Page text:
For about the entire month of October, I had what is called “prodromal” labor – as in you pretty much feel like you’re about to get your period and potentially go into labor. Because I had experienced prodromal labor with my daughter, I knew not to be concerned. Granted, I did get antsy towards the end of the month because I had expected it wouldn’t last longer than two or three weeks.
On November 1st, I woke up with some strong contractions and decided to start timing them that afternoon. It looked like I was experiencing “real” contractions, and I get very excited that the time was seemingly closer. I called my midwife and doula and began preparing my planned labor food – baked ziti and chocolate cake. I had been watching my bad carbs and sugars for much of my pregnancy under the advice of a consulting physician who signed off on my HBA2C (homebirth after two c-sections) plans. She recommended that a lower carb diet would produce a “normal” sized baby compared to my two previous 10lbers, which was a good idea since we didn’t want to necessarily test my pelvis to that extent. We wanted the best chance for a successful HBA2C.
I suppose the first sign that things might not go as smoothly as I had hoped was when I dropped one of the cake layers as I was taking out of the oven. It was salvaged for nibbling, but I only had one layer to frost with the chocolate ganache. So, we continued to time contractions while enjoying a lot of delicious food. My midwife Debbie brought her daughter to watch our older children in case of a hospital transfer, which was really sweet of both her and her daughter. Granted, my kidlets were quite hyper and really distracting me – which really means I wasn’t quite “in the zone” in the first place. I was at 2cm when Debbie had arrived around 6:30ish, and I was only at 3cm when she left around 9:30ish. We concluded that I wasn’t in active labor and still had time and needed to rest. If nothing else, at least Debbie and Karen got to enjoy some of the foods I’d been promising this whole pregnancy. Brian pretty much demanded I stay home from work because he didn’t want me to over-exert myself. I obliged.
So, Monday came and went without much fanfare. I had contractions but was able to sleep through them. I was able to do a few things around the house (not that I did much, but I had to keep myself busy somehow). I cried a bit that evening because I wasn’t sure how much of a false alarm Sunday night was. Of course, I know I labor slowly, but it was getting very discouraging. I woke up Tuesday morning with some contractions that kept me awake, so I started my day to see how things would go. Fast forward to 4PM. I felt like taking a nap, so I laid down for an hour. I never did fall asleep because the contractions were strong enough to get my attention. I shrugged it off, got up, and let Brian know that we should start on dinner. I sat at my laptop while Brian worked on dinner, and around 6:45pm I felt something in my lower abdomen “pop.” It was almost like Junior had punched me, and I shrugged that off. Then it happened again with a contraction, and I felt a small gush of water. I waddled to the bathroom as fast as I could to see if I was leaking water – and I was. The contractions also began to get a lot more intense, so I told Brian to hurry and get the kids fed while I called Debbie and Karen before I began to get too overwhelmed by the contractions. I also told him to start filling the birthing pool with water.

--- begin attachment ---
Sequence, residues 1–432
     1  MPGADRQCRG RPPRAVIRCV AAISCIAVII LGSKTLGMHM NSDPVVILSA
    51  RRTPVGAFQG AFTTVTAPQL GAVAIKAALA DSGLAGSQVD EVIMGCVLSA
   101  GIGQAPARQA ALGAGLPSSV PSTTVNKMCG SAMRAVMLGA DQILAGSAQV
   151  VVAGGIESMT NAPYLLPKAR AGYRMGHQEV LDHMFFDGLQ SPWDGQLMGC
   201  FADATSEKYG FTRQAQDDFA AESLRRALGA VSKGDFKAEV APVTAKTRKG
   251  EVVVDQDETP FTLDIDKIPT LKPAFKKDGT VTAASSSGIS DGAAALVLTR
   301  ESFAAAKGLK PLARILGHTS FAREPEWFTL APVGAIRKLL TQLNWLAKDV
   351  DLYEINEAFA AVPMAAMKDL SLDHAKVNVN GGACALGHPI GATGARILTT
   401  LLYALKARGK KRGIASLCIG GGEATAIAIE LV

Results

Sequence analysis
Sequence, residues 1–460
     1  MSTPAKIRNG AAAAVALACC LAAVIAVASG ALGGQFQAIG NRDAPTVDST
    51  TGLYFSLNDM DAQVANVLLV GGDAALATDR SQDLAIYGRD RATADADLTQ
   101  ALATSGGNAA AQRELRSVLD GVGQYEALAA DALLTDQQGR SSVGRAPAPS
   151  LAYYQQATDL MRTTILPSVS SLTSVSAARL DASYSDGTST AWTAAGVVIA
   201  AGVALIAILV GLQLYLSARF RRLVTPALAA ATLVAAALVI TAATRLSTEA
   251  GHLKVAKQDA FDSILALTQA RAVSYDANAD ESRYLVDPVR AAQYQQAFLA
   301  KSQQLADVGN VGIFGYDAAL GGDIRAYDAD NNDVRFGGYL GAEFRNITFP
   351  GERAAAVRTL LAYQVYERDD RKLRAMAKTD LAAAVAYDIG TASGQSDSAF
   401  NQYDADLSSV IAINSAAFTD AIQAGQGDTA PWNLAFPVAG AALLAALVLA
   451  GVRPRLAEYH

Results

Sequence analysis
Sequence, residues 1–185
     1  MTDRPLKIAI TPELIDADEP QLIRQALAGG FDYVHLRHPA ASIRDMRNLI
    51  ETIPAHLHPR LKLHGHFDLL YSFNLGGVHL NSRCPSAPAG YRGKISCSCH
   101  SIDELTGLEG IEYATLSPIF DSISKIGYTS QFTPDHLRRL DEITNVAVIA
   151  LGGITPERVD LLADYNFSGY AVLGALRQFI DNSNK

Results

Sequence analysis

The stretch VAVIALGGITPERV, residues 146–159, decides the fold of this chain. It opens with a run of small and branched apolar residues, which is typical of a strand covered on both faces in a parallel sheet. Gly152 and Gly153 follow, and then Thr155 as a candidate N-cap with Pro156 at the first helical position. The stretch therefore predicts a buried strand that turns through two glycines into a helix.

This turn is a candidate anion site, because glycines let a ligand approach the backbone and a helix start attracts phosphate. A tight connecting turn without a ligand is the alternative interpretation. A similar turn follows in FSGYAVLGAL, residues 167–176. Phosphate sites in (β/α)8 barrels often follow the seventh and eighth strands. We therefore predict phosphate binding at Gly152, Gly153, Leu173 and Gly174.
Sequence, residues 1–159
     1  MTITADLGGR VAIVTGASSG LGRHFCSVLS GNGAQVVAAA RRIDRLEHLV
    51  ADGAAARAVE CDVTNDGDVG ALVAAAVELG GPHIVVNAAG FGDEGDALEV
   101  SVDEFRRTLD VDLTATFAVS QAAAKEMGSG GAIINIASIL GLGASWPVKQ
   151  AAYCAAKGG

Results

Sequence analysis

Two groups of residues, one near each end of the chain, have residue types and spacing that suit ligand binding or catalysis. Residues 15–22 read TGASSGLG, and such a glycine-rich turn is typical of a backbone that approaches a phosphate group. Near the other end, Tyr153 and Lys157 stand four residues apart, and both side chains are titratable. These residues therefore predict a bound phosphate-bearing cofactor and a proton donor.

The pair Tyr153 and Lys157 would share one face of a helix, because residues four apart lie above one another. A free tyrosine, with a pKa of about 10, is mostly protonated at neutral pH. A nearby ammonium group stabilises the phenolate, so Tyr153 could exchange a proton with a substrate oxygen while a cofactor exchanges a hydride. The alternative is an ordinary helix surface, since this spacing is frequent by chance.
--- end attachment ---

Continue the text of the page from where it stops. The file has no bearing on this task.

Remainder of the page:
Debbie had been at another birth earlier in the day and needed to drive about two hours to get to me. Karen got here around 7:15ish, or at least that’s what I think I remember. I was timing contractions for Debbie to give her an idea of what was going on. It became very obvious to me that I was in transition at that point because I remembered how things felt when I hit transition with Tati. Brian got the kids fed and ready for bed, and I remember Tati being very sweet and comforting to me. She came over and petted my head, gave me a kiss, and murmured “I love you, Mommy.” It was very sweet. With the kids in bed, both Brian and Karen were able to offer me a lot of support and encouragement, which was exactly what I wanted and needed from them. I knew that I had issues getting through transition with Tati, and I was afraid I’d chicken out this time. As I labored, I noticed an odd sensation that I wasn’t familiar with – I started to realize this was the “urge to push.” I could feel Junior’s head bearing down on my cervix, and I could feel my contractions literally pushing downwards. I got a little nervous because Debbie still wasn’t here, and I knew I wanted her to be here for the pushing stage. After a while I stopped fighting the urge once I realized what it was and tried to push a little with a couple of contractions. Yeah, that was definitely what was going on. Shortly before 9pm, I know that my vocalizations changed, and Karen knew it, too. She asked me if I felt like pushing. I managed to nod and grunt out a yes. Luckily for us, Debbie made it just in time with her midwife partner Virginia. She had heard me outside and asked Brian if that was me screaming – yes, that was me! It was so intense. I flipped over in the pool so she could check me (I had warned her earlier that I wouldn’t really be ready and to just go for it because I knew she’d need to check me anyhow). “His head is right there.” That felt so good to hear. With the all-clear to start pushing, I began my quest to finally push a baby out of my body.
I don’t think I was able to get a good enough grip or position in the pool, so I barely climbed out with Brian’s assistance. I held onto him while pushing through contractions, and I swear it was like I couldn’t squeeze hard enough to get it going. He was encouraging me and holding me. Believe it or not I ended up feeling most productive on my back. I thought that was the strangest thing and worried that I shouldn’t be doing that in case it wasn’t productive enough. I screamed and growled and grunted, pushing and pushing, and grabbing onto whatever I could (mostly Brian’s arm, which has a nice scratch on it now). I remember feeling discouraged that I wasn’t getting his head out after each push because it hurt. That so-called ring of fire? It’s true. I wasn’t sure where I’d feel it – well, now I know it’s at the perineum. It absolutely did burn and feel like someone had set fire to that general area. I also some how managed to get a Charlie horse in BOTH calf muscles while pushing, and that was so incredibly unfair.